Introduction and Testbed Setup

The launch of the QNAP TS-x51 series was covered in detail last month. Its introduction has revitalized the premium NAS market for SOHO and power users by providing a powerful enough alternative to the Atom D270x-based NAS units. The 22nm Celeron J1800 in the TS-x51 is a SoC (obviates the necessity for a platform controller hub) and brings a revamped Atom microarchitecture (Silvermont) to the NAS market. QNAP is, to our knowledge, the first off-the-shelf NAS vendor to bring a Bay Trail-based NAS unit to the market. The Celeron J1800 is also one of the few Bay Trail parts to come with the Intel Quick Sync transcoder engine as well as VT-x capabilities. QNAP takes advantage of both in their firmware to provide hardware transcoding capabilities (both offline and real-time) as well as support for virtual machines (i.e, their OS, QTS, can act as a host OS).

The virtualization and multimedia capabilities of the firmware deserve detailed analysis and will not be part of this review. Instead, we will solely concentrate on performance numbers under various scenarios. We have already looked into the market that QNAP is trying to target with this lineup in our launch piece. So, without further digression, let us take a look at the specifications of our TS-451 review unit.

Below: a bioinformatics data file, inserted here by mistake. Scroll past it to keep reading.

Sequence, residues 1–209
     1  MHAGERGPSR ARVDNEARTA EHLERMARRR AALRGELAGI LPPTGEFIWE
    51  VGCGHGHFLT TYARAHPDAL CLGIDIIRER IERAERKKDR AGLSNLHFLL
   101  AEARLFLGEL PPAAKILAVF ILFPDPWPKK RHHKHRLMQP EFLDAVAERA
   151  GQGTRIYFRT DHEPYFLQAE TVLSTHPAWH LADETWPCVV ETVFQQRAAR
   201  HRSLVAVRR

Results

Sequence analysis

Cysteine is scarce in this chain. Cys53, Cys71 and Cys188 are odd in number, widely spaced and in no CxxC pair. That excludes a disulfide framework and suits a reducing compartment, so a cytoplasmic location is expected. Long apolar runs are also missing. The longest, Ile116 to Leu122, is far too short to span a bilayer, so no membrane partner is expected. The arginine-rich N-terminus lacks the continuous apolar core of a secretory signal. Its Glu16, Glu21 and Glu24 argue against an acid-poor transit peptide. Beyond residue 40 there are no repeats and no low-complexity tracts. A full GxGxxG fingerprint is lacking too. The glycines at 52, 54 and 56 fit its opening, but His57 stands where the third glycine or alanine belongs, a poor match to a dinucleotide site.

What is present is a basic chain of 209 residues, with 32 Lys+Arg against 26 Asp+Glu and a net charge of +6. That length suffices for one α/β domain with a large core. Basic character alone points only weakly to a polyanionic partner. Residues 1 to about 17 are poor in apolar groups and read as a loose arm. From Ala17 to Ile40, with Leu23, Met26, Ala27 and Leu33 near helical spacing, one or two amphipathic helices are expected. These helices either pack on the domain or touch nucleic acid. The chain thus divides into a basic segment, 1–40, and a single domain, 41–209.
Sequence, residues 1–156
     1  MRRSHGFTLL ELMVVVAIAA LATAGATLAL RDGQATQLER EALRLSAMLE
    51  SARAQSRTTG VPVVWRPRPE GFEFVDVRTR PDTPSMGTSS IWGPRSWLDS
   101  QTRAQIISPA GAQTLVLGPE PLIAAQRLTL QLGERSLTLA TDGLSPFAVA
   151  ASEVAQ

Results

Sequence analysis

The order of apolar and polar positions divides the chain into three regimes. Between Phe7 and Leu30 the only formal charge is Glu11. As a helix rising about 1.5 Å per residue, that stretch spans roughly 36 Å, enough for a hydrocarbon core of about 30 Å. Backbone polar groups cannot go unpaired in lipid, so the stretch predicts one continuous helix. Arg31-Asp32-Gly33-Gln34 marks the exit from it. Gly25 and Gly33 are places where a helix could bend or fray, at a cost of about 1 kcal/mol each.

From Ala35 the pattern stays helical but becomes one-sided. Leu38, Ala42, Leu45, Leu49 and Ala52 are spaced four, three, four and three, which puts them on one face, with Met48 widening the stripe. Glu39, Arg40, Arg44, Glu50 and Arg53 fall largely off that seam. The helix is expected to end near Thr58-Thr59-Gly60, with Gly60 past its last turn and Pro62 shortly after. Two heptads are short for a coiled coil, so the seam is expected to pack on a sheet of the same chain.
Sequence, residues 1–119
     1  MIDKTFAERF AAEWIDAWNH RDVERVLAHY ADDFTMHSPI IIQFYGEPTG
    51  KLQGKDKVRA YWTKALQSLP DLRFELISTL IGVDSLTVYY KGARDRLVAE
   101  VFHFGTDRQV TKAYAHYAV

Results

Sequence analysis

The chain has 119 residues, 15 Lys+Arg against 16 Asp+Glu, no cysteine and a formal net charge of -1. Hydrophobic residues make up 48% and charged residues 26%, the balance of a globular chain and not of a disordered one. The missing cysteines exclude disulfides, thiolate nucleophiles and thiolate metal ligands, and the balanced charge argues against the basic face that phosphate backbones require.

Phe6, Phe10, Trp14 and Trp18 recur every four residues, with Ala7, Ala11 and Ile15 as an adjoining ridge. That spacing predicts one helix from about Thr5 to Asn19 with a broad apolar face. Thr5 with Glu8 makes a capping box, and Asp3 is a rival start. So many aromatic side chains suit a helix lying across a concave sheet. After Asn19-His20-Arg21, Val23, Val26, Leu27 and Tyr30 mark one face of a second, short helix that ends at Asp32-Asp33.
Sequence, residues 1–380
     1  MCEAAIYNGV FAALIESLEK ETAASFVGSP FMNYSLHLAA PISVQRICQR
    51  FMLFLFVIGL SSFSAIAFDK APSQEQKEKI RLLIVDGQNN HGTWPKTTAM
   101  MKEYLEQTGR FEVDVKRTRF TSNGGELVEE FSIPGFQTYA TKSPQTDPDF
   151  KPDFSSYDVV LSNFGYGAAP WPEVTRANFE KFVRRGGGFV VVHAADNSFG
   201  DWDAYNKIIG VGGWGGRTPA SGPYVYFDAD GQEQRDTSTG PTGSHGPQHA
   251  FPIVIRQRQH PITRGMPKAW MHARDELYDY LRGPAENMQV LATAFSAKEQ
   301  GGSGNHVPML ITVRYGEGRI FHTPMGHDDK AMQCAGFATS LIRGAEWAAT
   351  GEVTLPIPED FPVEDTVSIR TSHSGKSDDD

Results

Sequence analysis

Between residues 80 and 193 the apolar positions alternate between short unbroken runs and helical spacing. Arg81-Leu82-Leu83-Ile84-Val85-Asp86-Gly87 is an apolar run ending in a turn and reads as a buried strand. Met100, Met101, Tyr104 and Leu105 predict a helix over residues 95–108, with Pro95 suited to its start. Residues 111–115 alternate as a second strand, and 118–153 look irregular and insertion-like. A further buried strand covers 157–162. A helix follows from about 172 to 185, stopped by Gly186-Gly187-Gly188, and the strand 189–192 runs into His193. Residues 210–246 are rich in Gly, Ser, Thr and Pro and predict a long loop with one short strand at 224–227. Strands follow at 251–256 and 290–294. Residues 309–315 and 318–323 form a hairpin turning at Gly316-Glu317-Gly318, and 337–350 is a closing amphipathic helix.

QNAP TS-451-4G Review Unit Specifications
Processor Intel Celeron J1800 (2C/2T @ 2.41 GHz)
RAM 4 GB DDR3L RAM
Drive Bays 4x 3.5"/2.5" SATA 6 Gbps HDD / SSD (Hot-Swappable)
Network Links 2x 1 GbE
External I/O Peripherals 2x USB 3.0, 2x USB 2.0
Expansion Slots None
VGA / Display Out HDMI 1.4a
Full Specifications Link QNAP TS-451 Specifications
Price $759

Note that the $759 price point reflects the additional 3 GB of RAM over the baseline 1 GB model (which will retail for $700).

The TS-451 runs Linux (kernel version 3.12.6). Other aspects of the platform can be gleaned by accessing the unit over SSH.

Testbed Setup and Testing Methodology

The QNAP TS-451 can take up to four drives. Users can opt for either JBOD, RAID 0, RAID 1, RAID 5, RAID 6 or RAID 10 configurations. We benchmarked the unit in RAID 5 with four Western Digital WD4000FYYZ RE drives as the test disks. Our testbed configuration is outlined below.

AnandTech NAS Testbed Configuration
Motherboard Asus Z9PE-D8 WS Dual LGA2011 SSI-EEB
CPU 2 x Intel Xeon E5-2630L
Coolers 2 x Dynatron R17
Memory G.Skill RipjawsZ F3-12800CL10Q2-64GBZL (8x8GB) CAS 10-10-10-30